Browsing People : Persons and Individuals Involved with the Revolution

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This archive contains 448 documents, with 92,878 words or 605,109 characters.

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(1889 - 1970)
Amadeo Bordiga (13 June 1889 – 23 July 1970) was an Italian Marxist, a contributor to communist theory, the founder of the Communist Party of Italy (PCd'I), a member of the Communist International (Comintern) and later a leading figure of the International Communist Party. Bordiga was originally associated with the PCd'I, but he was expelled in 1930 after being accused of Trotskyism. Bordiga is viewed as one of the most notable representatives of Left communism in Europe. (From : Wikipedia.org.)

(1875 - 1935)
Alexei Alexeyevich Borovoi (1875–1935) was a Russian individualist anarchist writer, orator, teacher and propagandist. Borovoi was born on 30 October 1875 in Moscow. Starting from 1906, Borovoi lectured on anarchism in different Russian cities. He moved to France in late 1910 to escape state persecution for anti-state propaganda. After returning to Russia "Borovoi got a job teaching political economy and history at the Russian Popular University and at the Free College of Social Sciences, the latter of which was founded by French anarchists". From their influence Borovoi became interested on French syndicalism. "In his lectures Borovoi has now claimed support for revolutionary syndicalism which denied parliamentarism and aimed for the reconstruction of the society via social revolution. He publishes the book Revolutionary Creativity and Parliament in 1917. (From : Wikipedia.org.)

(1975 - )
For me, history of philosophy and a critical theory of society are two sides of the same coin: our interest for the past always reflects the standpoint of the present, but one cannot understand the present without navigating our past. I see philosophy as a critical tool in a constant dialogue with other disciplines, as well as an endeavor entangled with other practices for sense making such as literature and psycoanalysis. I have written on critical theory, the history of European philosophy (particularly early modern), capitalism, feminism, racism, post- and decolonial studies, and esthetics. (From : NewSchool.edu.)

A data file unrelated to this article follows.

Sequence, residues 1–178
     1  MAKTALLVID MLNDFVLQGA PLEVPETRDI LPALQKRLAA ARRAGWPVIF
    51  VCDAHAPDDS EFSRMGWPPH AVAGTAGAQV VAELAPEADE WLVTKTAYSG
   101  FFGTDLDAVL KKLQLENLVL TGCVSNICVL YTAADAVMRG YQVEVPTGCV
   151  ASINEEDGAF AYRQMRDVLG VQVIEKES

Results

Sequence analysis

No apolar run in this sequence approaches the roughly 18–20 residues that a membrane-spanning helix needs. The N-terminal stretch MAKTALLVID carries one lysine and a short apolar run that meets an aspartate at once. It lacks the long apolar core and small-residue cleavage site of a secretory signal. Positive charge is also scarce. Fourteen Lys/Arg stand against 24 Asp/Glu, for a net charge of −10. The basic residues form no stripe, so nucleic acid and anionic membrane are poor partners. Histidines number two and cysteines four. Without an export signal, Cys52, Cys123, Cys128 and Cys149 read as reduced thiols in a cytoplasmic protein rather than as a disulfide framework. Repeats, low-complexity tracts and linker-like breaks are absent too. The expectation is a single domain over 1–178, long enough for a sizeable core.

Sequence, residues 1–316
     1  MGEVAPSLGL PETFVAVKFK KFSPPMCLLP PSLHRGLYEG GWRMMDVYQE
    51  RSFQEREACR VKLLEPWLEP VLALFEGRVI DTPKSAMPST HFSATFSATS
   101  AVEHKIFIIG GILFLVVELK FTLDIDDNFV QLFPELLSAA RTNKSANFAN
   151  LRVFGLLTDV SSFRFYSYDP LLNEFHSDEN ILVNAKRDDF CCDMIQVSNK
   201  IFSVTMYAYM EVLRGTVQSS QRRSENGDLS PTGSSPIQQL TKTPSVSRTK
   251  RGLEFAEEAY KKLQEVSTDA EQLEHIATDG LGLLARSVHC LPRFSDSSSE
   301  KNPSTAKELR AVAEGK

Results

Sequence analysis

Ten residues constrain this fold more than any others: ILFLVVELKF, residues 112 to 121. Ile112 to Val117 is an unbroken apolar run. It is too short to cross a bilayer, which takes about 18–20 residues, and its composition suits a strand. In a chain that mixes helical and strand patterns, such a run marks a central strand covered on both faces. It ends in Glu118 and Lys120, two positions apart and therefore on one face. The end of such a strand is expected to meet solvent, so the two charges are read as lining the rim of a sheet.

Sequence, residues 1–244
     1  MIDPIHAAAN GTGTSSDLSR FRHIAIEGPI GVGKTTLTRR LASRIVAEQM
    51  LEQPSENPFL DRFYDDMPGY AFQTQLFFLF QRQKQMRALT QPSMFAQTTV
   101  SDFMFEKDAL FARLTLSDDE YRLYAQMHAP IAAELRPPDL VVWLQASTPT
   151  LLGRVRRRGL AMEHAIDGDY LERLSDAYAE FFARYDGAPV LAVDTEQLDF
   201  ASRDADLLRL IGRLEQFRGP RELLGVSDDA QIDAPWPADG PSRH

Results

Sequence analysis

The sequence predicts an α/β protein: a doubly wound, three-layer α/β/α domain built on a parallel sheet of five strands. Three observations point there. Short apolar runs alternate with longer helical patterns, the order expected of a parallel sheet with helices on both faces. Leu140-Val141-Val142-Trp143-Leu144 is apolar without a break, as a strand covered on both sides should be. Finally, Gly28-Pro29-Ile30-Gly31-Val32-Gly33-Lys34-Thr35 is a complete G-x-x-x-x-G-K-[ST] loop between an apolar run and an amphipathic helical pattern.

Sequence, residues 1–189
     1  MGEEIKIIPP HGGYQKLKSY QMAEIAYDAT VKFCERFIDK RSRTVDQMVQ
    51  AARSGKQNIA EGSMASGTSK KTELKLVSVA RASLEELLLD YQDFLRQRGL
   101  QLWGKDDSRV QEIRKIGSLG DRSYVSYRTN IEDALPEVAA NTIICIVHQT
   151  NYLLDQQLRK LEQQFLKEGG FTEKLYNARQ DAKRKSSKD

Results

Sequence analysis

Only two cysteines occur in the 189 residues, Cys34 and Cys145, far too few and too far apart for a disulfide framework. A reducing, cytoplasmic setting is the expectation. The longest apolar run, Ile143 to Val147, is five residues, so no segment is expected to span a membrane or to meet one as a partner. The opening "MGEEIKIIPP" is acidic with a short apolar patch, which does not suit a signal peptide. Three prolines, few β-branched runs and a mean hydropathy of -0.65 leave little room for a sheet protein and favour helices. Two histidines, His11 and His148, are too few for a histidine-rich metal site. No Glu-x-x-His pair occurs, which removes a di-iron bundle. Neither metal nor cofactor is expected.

(1886 - 1918) ~ American Anarchist and Early Activist in the Disabled Movement : Randolph Bourne, who was to die in the flu epidemic shortly after the Armistice, cried out alone against the betrayal of the values of civilization by his fellow writers. (From : Ogilby Commentary.)
• "...war can be called almost an upper-class sport.War is the Health of the State" (From : War is the Health of the State.)
• "If the State's chief function is war, then it is chiefly concerned with coordinating and developing the powers and techniques which make for destruction." (From : War is the Health of the State.)
• "It is States that make wars and not nations, and the very thought and almost necessity of war is bound up with the ideal of the State." (From : War is the Health of the State.)